This article is for those of you who cannot afford to take lessons at the moment, or if you can't afford them at all. I once couldn't afford them and wanted you to know that you too can teach yourself. Before I go any further, I must say that it is my strong belief that getting a good teacher, not just any teacher, will help you progress much faster. In fact, my learning while taking lessons has blown away everything i learned in the first decade and a half, by light years. Although this may not be true for everyone, it was for me. In other words, what I learned by taking good lessons has propelled me to a higher level ten times faster than what I could do on my own. That being said, let's move forward. There are several things you can do every day. In part 1 of this article I will be showing you a couple of ways to get your skills to a higher level and to ensure you are progressing. A great mentor recently said: "Progress equals Happiness." It is one thing to just play the guitar. It is another thing to practice for results.
There are lessons all over the internet that you can look at and that can inspire you to get started. Just yesterday I found a lesson with a bunch of very cool warmup/finger exercises that has me playing with a renewed vigor. Honestly I can't wait to get back to them. As I am writing this article I am thinking of them now and how much they have helped me. Such simple little exercises have helped me with my speed and my technique and also have given me ideas for leads in my songs. You can also turn these lead ideas into rhythm ideas by playing them an octave or two below.I have been trying to play scales and lead parts for a while now and these exercises are invaluable in getting your fingers strong enough to be able to do what you want to do with your songs. For example, if I want to really go nuts on a section my fingers would need to be able to do that by being strong enough and having enough dexterity to pull these ideas off. Warmup exercises also known as finger independence exercises can be anything from technical stuff to actual musical stuff such as a scale with a few extra added notes incorporated within that scale or lick. These exercises can work wonders for you. They have for me. Challenge yourself by trying to find the most effective warmups. What you think you can't do is probably not true at all. There is magic in slowing things down and breaking them up into small chunks such as 2-4 notes at a time. Challenging yourself will keep you moving forward instead of growing stagnant with mundane exercises. Again, some of these can be very fun and fun is important in keeping your inspiration levels high.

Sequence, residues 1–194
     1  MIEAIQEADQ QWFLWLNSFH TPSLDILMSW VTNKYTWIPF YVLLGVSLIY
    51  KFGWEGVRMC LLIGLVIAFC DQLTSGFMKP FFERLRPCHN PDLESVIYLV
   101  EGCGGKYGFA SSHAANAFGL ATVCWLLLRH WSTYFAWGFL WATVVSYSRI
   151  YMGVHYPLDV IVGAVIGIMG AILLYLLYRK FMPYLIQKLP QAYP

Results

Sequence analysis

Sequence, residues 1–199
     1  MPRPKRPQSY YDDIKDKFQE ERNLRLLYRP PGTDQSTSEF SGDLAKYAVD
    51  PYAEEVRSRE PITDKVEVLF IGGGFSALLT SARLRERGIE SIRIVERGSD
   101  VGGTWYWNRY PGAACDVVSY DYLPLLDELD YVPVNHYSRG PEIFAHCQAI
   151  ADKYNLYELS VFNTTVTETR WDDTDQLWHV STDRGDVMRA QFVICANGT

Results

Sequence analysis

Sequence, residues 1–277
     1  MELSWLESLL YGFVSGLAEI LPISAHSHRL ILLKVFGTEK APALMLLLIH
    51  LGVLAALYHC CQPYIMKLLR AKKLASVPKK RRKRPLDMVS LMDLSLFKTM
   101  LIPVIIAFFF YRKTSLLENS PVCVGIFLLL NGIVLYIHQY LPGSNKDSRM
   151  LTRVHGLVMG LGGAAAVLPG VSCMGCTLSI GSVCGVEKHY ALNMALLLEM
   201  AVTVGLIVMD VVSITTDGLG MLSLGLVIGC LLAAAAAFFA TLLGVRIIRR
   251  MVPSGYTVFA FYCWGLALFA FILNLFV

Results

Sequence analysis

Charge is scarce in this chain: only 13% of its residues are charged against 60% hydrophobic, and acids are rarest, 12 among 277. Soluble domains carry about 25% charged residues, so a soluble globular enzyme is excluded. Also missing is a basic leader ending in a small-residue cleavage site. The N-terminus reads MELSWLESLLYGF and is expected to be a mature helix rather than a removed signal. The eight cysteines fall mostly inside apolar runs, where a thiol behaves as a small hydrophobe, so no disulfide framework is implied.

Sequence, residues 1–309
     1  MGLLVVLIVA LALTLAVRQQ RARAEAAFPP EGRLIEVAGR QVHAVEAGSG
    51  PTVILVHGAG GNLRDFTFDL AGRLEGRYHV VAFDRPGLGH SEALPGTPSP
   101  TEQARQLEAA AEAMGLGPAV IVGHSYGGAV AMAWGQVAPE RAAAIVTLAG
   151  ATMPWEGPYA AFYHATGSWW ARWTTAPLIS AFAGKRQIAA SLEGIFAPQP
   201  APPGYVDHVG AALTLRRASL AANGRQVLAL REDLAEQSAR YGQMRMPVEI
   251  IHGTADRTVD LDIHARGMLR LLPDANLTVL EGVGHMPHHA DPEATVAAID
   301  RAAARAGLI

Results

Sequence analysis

Application is key. It is very important that you are able to play these scales and exercises like a champ but when it comes to real music it can be a bit challenging so always incorporate it and apply it to a piece of music whether it be a backing track or a song of your own. Recording a few chords and then playing lead over them is an excellent way to get started in applying what you learn to real music. If you don't have anything to record with then look for a backing track. They are all over the internet. You can search and play to any track you want but there are some that are better than others. For example, if you want to train your ear then it is good to play with tracks that you don't know what key its in or what the chords are but if you are new to improvising and soloing it is a good idea to get some tracks where the chords are given to you. Do your research and you should find some pretty cool stuff!
Another thing you want to practice is your chord vocabulary and your ability to change chords smoothly. These chords include basic open chords, power chords, barre chords and other such as 7th's, dominant 7th's, Major 7th's, ninths and a variety of other chords. These are only a few of the many that you can practice. There are two specific ways in which you can practice these. One is to strum them or down pick them and the other is to arpeggiate them. A good idea is to get two chords at first and be able to change smoothly from one to the other. Two that you can use that are a good example is going from C Major to B7. This is quite a tough change when doing it at the lowest part of the neck in First Position. First Position simply means that your index finger is on a string on the first fret. Once you have these down you can add chords. Start with 3 and see if you can work yourself all the way up to 10. Both strumming them and arpeggiating them. Make sure you use a metronome and start slow. The habits that you form with your fingers will stay with you so if you play them too quickly and your technique and articulation is not solid your habit will carry over when playing faster or when playing other things. Start at a very slow speed such as 40 bpm if you are a beginner. It will only take a few seconds before you realize that you can speed your metronome up.
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About the Author
Mike Socarras is a guitarist, songwriter, lyricist and instructor. He teaches guitar in Miami, Florida and has a debut compilation CD out which will be available soon for release.